I just got this question from a client: I did tons of preparation for my interview, and I have a bunch of notes. Can I bring notes to a job interview?
Typically, no, I don’t recommend that you bring notes to a job interview.
I understand why you’d want to bring them. Having tons of notes ready that you “happen to show” to an employer during an interview indicates that you did your homework (well done!).
Of course, you want the employer to see that you mean business and that you’re a diligent potential employee, and your extensive notes would reflect well on you.
Notes can help if you need to speak to something and the data’s not top of mind. They help shore up your confidence and reduce some of the job interview nerves, giving you a sense that you aren’t just “winging it” on an interview.
However, here’s why I typically recommend NOT bringing notes to a job interview:
- They’re distracting. If you need to make a point and you suddenly need to stop and flip through your notes, it breaks up the flow of conversation. Or if the notes are on your phone and you suddenly whip out your phone mid-sentence, you come across as potentially unprofessional.
- They’re often messy. Unless your notes are all in a computer printout form, your handwriting and personal scribbles may actually have the opposite effect of making you seem like you’re personally all over the place. Or, there’s the guy I interviewed one time at a software company who had his notes written ON HIS HANDS and kept looking down at both front and back of his hands as we spoke. The hiring manager got a laugh out of it, and the guy didn’t get the job.
- They’re typically too low-level. Often, notes contain detailed data points, but the interviewer’s more likely looking for your conclusions about the data, and not the specific individual items.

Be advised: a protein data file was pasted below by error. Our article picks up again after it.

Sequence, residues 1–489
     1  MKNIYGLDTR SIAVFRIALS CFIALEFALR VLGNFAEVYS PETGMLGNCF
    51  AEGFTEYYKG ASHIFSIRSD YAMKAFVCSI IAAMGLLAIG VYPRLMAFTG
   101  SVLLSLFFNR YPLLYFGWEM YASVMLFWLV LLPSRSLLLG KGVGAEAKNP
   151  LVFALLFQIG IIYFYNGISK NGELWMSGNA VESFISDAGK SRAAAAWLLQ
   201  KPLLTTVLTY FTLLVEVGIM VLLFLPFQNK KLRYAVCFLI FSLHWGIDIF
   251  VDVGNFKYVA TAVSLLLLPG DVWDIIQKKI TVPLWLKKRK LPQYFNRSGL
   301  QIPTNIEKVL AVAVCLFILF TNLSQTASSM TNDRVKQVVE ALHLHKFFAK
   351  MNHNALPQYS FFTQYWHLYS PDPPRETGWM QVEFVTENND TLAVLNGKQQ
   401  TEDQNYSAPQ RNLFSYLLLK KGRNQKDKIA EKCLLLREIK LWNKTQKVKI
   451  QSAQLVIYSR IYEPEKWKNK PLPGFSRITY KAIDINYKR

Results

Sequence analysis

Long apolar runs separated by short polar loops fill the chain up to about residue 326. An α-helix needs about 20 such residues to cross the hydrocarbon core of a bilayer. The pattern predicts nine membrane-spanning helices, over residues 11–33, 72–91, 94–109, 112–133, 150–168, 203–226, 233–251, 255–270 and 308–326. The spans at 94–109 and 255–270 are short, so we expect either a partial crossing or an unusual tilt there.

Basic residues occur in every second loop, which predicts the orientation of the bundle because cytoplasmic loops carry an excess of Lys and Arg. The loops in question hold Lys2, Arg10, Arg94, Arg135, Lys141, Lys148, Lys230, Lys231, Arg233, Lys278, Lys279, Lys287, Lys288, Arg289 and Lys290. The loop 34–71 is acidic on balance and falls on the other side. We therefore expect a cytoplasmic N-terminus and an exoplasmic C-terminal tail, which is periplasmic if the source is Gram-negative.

- They were an answer to a question that hasn’t been asked yet. The best interviews seem like a conversation between two people, and the same question can be asked in multiple ways. If you have a pre-set answer that you answer using your notes, you may be missing the point of the question the interviewer’s asking.
- They brand you as someone whose memory might fail. Think about it – if you’re an interviewer, and every time you ask a question, someone’s referring to notes, you might start to wonder if they retain information well. You might wonder if they’d need notes in an important situation in front of a client, or what might happen if they didn’t bring their notes along to a meeting.
Here’s when it’s perfectly fine to bring notes to a job interview:
- You have a disability. If you truly have a medical condition that restricts your recall, go ahead and bring notes. Make sure they’re typed, printed on clean paper, organized and easy to use.
- You were asked to do a project for the employer. If they asked you to prepare something ahead of time (a presentation, report, analysis, you name it), bring notes (clean/organized) and feel free to refer to them.
- You have detailed data that the employer sent you that they’d like you to speak to in the interview. If they’ve sent budget projections, org charts, KPIs, strategic initiatives, etc. – bring those. Like everything else, make sure they’re organized and clean, but you’re welcome to use them as needed in the conversation.
- You have ONE typed/printed, short page of questions for the employer that you want to ask, and those are tucked into the other documents you’ll bring (resume copies). If you want to use those as a prompt, you can; interviewers typically won’t mind if you reference your list of questions once or twice. In general, the best questions flow naturally out of the interview, but if you need notes in this section of the interview, it’s usually fine.
You can always TAKE notes in an interview, but most of the time, your preparation notes need to stay behind.
The good news? You’ve done your homework, and you’re well prepared for the interview. Take your knowledge, research, and the confidence that you’ll know what you need to know in the moment, and focus on connecting with the future employer instead of the piece of paper in front of you.
Readers, what do you think? Is it ever a good idea to bring notes to a job interview?